• l’eau chaude – hot water
  • l’eau courante – running water
  • l’eau froide – cold water
  • l’eau gazeuse – sparkling water (carbonated)
  • l’eau de mer – seawater
  • l’eau minérale – mineral water (usually served sparkling)
  • l’eau pétillante – sparkling water (this tends to be a more poetic/advertising term, rather than one you’ll hear everyday people use)
  • l’eau plate – still water (alternative to sparkling water)
  • l’eau de pluie – rainwater
  • l’eau du robinet – tap water
  • l’eau de source – spring water
  • l’eau tiède – lukewarm/room temperature water
  • l’eau-de-vie – a fruity, clear alcoholic beverage.  (Okay, this isn’t water, but it could be mentioned in a list of drinks, so I figured I’d put it here to avoid any confusion.)

Common undrinkable water words

  • eau oxygénée – hydrogen peroxide
  • eau non-potable – non-potable (non-drinkable) water
  • eau de rose – rosewater.  Also used to describe something overly sentimental: C’est une histoire à l’eau de rose.
  • eau de toilette – a diluted perfume, basically a cheaper version than a stronger scent.  This is not to be confused with actual toilet water; think toilette as in “beauty preparations”, the same origin as “toiletries”.

French water-related words

glass of water
  • un bain – a bath
  • une baignoire – bathtub
  • se baigner – to bathe (in the bath, in a pool or body of water, etc.)
  • un ballon d’eau chaude – water heater tank
  • boire – to drink
  • une boisson – a drink
  • une bouteille – a bottle
  • un brumisateur – a spray bottle.  In hot weather, many French people fill these with cool or cold water and use them to to cool off. Brands like Evian make pre-filled spray bottles you can buy specifically for this purpose.
  • un chauffe-eau – water heater
  • une douche – a shower or a shower stall (Il a pris une douche – He took a shower./La douche se trouve au fond du couloir.  – The shower is located at the end of the hallway.)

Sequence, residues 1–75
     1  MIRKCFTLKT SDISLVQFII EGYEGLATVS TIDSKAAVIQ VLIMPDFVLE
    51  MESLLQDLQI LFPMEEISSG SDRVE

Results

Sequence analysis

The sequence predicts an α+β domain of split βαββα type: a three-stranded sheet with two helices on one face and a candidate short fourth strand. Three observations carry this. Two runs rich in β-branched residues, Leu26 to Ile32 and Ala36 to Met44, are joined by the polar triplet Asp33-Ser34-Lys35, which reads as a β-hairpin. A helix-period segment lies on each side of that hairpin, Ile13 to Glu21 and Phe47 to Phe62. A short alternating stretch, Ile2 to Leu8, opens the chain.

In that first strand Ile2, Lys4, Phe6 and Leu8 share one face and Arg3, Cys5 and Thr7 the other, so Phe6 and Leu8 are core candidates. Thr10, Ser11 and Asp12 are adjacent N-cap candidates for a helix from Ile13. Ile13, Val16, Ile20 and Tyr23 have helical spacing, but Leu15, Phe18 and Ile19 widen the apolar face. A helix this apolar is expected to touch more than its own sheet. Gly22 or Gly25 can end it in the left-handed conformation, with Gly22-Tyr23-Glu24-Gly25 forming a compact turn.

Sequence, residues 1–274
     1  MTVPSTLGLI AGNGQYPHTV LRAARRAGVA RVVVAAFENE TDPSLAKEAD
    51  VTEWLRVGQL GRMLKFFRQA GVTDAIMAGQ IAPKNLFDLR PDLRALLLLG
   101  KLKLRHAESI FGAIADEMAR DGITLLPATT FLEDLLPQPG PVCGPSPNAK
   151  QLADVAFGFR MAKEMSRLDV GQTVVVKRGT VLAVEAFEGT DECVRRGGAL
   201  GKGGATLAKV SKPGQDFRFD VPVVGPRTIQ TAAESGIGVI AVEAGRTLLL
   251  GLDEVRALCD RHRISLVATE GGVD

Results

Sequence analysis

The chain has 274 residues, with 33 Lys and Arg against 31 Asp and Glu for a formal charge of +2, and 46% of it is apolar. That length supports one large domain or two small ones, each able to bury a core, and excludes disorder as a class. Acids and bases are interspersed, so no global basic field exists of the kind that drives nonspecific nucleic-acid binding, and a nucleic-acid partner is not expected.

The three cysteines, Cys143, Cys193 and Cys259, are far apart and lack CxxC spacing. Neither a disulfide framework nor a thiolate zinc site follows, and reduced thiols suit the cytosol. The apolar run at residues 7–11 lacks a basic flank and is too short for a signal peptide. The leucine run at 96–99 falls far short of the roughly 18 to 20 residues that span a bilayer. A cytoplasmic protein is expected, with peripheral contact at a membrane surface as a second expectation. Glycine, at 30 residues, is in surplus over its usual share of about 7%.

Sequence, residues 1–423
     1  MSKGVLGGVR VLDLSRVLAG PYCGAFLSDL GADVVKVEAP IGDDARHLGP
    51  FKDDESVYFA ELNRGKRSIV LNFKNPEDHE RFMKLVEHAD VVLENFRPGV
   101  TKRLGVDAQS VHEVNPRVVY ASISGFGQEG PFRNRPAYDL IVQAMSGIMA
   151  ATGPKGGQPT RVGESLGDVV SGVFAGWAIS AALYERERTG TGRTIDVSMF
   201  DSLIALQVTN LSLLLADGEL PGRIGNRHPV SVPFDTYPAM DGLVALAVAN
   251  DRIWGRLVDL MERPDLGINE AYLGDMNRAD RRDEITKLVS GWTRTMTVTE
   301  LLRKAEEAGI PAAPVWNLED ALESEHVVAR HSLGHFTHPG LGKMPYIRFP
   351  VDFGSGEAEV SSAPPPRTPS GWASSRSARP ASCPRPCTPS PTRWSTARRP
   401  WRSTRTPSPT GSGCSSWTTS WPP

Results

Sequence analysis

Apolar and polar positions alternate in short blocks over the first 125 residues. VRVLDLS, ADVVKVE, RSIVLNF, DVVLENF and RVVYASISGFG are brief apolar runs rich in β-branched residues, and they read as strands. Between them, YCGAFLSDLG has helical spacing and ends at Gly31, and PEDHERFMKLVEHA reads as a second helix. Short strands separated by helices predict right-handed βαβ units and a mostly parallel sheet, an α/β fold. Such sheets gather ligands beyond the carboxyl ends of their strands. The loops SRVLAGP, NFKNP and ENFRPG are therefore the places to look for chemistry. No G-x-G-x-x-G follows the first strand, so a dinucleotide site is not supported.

• se doucher  – to shower (Elle s’est douchée ce matin.)
  • un fleuve – a river
  • une fontaine –fountain, including a drinkable water fountain.
  • une fuite – a leak (une fuite d’eau)
  • la glace – ice
  • un glaçon/des glaçons – ice cube/ice cubes
  • une gorgée – a sip – une gorgée d’eau
  • un lac – a lake
  • la mer – the sea (as in English, this can be used for a sea or an ocean)
  • nager – to swim
  • se noyer – to drown
  • l’océan – the ocean
  • une paille – a straw
  • une piscine – a swimming pool
  • un plombier/une plombière – a plumber
  • un puits – a well
  • une rivière – a river
  • un robinet – a faucet
  • un seau – a bucket
  • une source – a spring
  • un tuyau – (water) pipe.  Fun fact: As in English, this can also mean “a clue/tip”
  • un verre – a glass

Hopefully, this information, as well as practicing with the French Together app, will make you feel comme un poisson dans l’eau when it comes to water in French!

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Alysa Salzberg

Alysa Salzberg is an American writer, worrier, teacher, and cookie enthusiast who has lived in Paris, France, for more than a decade. She has taught English and French for more than ten years, most notably as an assistante de langue vivante for L'Education Nationale. She recently published her first novel, Hearts at Dawn, a "Beauty and the Beast" retelling that takes place during the 1870 Siege of Paris. You can read about her adventures here, or feel free to stop by her website.